There is an increase in demand for chiropractic treatment for children. As a chiropractor, I often hear parents being worried their child’s posture or spinal alignment. The good news is we know posture is a social construct. The concept of spinal alignment is also kinda outdated and most likely irrelevant today.

Today want to discuss your pain as a parent and how it may affect your relationships.

Singaporeans are in a lot of pain

First, we want to go back to the GSK Global Pain Index 2017. The report found that 42% of Singaporeans suffer from weekly pain and up a third actually choose to delay seeking treatment for their pain. In Singapore, half of pain sufferers are still choosing to live with their pain in silence.

It doesn’t seem like a big deal but the report also found that pain has a direct impact on your relationships

Majority of parents struggle with their child because of pain

This is a bit of a hard truth. The GSK 2017 report found that 77% of parents think they would be a better parent if not because of their pain.

They found pain found it harder for them to listen to their children and help them with their daily tasks.

Majority of parents also agreed that they are less patient with their child because they are living with pain.

Social relationships are also affected

It’s not only the parent-child relationship that is affected.

Half of Singaporean pain sufferers reported that their pain stops them from going out with their friends. Among those who manage to maintain their social relationships, 57% struggle to stay engaged through the social interaction.

Pain affects your relationship

People with pain have poorer social relationships.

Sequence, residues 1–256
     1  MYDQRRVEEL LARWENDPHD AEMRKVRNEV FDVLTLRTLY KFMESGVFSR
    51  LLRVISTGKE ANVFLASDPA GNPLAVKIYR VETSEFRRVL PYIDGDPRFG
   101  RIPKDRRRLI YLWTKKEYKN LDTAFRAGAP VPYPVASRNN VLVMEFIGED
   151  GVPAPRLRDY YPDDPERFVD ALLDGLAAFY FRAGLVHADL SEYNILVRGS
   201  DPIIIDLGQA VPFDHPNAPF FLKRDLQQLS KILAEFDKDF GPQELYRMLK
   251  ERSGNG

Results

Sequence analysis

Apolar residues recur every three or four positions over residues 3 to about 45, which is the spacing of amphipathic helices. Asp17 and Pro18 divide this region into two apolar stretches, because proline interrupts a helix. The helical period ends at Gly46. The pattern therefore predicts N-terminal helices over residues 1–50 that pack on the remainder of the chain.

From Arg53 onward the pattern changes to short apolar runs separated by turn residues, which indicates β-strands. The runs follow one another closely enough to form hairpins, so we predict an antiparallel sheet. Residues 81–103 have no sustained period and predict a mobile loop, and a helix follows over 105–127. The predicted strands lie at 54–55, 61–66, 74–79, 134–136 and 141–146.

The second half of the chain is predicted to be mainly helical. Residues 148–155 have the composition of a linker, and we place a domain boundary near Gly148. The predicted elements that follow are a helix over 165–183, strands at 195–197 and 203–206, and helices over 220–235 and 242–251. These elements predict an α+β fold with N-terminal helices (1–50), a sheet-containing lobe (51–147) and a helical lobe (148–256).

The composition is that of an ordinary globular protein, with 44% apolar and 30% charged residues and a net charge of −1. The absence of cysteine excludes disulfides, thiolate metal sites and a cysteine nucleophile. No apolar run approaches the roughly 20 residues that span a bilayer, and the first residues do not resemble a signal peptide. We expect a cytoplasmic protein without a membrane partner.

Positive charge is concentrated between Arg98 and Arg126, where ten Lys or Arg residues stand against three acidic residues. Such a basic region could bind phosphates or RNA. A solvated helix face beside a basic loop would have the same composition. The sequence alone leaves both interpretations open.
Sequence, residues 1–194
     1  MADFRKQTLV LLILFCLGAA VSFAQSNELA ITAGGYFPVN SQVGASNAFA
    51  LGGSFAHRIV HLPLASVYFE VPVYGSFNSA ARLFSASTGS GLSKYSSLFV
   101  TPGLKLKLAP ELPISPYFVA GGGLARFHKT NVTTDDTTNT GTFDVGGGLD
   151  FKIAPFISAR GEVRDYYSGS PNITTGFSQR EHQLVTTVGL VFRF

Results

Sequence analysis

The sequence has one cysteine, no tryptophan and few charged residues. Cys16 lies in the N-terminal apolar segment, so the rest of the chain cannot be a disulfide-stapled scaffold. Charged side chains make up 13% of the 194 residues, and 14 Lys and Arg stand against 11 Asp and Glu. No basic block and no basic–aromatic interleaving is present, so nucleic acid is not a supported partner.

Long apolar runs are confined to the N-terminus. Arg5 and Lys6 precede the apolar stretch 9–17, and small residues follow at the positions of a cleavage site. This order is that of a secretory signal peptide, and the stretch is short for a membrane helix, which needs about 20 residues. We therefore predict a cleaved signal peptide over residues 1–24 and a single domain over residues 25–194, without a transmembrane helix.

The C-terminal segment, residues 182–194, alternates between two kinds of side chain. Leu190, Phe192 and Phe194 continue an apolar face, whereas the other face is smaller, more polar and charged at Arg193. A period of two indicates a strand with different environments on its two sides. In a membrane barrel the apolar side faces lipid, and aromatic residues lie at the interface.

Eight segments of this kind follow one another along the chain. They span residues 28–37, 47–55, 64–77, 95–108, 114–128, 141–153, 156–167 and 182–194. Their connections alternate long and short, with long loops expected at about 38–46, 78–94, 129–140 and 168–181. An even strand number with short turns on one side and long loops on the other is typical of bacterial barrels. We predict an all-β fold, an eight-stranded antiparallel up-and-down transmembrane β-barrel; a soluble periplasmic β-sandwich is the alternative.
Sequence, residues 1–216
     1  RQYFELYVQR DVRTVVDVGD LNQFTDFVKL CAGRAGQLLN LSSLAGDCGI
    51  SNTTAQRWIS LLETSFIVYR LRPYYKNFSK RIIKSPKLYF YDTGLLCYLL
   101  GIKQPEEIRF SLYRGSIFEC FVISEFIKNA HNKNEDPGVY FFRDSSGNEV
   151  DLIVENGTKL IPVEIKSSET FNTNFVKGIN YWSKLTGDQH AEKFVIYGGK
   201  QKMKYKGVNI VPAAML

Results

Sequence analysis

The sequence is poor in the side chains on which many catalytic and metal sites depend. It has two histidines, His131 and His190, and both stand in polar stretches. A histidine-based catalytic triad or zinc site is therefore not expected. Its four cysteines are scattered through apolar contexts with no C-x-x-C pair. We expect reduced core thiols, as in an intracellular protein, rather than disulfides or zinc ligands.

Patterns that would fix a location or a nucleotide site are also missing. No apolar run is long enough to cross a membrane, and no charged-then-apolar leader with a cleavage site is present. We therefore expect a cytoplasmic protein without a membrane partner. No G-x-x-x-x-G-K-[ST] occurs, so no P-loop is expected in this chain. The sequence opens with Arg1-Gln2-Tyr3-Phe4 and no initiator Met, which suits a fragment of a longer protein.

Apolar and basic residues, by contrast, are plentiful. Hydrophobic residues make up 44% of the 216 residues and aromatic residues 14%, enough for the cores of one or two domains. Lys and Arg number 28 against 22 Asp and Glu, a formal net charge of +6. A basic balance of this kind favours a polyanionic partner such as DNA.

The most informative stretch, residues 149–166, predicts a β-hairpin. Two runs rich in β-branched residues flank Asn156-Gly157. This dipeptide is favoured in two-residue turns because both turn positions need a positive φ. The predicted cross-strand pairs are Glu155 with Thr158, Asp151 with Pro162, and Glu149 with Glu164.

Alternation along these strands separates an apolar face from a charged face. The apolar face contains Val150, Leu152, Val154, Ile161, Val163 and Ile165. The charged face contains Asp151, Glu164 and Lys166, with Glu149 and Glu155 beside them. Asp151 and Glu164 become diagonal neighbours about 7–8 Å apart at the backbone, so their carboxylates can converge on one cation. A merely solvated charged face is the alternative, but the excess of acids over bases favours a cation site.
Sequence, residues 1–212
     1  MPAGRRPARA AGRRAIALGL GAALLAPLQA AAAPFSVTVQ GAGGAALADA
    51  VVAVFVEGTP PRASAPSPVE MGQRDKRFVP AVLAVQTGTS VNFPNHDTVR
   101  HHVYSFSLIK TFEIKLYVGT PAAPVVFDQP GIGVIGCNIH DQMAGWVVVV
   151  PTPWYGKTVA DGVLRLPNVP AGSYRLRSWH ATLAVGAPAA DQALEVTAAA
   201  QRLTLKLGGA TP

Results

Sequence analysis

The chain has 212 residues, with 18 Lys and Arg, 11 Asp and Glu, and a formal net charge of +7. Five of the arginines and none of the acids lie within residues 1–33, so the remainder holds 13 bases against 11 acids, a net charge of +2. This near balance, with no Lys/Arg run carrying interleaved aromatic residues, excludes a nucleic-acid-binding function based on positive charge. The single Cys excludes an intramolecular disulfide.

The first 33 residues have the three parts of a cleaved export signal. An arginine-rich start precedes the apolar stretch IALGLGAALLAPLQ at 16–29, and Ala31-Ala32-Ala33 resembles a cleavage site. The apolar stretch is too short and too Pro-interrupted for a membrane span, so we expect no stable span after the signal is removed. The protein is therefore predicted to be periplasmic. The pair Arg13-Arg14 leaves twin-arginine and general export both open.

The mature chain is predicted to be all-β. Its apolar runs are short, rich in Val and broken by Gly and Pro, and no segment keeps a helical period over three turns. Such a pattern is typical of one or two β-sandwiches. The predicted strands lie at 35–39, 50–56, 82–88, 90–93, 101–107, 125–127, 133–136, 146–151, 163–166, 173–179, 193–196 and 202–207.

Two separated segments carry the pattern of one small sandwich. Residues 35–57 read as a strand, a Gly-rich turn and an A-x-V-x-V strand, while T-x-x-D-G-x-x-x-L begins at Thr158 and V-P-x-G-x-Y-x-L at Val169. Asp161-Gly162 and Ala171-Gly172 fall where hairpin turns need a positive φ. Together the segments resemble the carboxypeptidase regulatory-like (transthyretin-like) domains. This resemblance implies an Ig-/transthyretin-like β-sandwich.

We don’t really think of pain in the context of how it affects our relationships. We think pain is benign and if we were to put up with it, we would be okay.

Well, this is not true. While you may be perfectly functional and feeling relatively okay, take this time to reflect on how your pain has intruded into your life.

Has your relationship with your child suffered?

Are you unnecessarily losing your temper with your child?

Do you have to stop or cut down on social activities (e.g. date nights, weekly workouts, family outings) because you have pain?

Social interaction also affects your pain!

Doing nothing about your pain is going to put you into a vicious downward spiral.

If you think about it, having pain cuts down on social interaction. Reducing social interaction results in poorer psychosocial health and/or general well-being. That in turn increase susceptibility to pain, which leads to even less social interaction.

Pain management in Singapore

 

Square One is one of the only clinics in Singapore that focuses exclusively on exercise therapy and clinical rehabilitation. With our unique approach to pain management over 80% of our clients achieve full recovery in four to seven visits.  

There are many, many pain treatment options in Singapore today. It doesn’t matter if you are struggling with the common neck stiffness, shoulder tension, or back pain, there is help available for you.

Most of us think if the pain is mild and we can put up with it, we should just endure it.

Well, this false!

We know that even if you can bear the pain you are currently experiencing, it is likely that your pain has an impact on your immediate surroundings and on those you love. Your child and your partner are likely the one who is at the brute end of your pain experience.

Seek care with an evidence based chiropractor

Square One is one of the only evidence-based chiropractic clinic in Singapore. We support 100% of our claims with research data. As a result, our clients respond will to our chiropractic treatment and over 80% of our clients will achieve full recovery in four to seven visits.

If you are looking to take action today, drop us a message via the form below and tell us more about your pain. We will be happy to discuss more on what you are currently going through and how we can help you as a chiropractor. Check out our condition-specific content:

We also have two case studies: Achilles tendinopathy and numbness, tingling, and sharp pain of the leg

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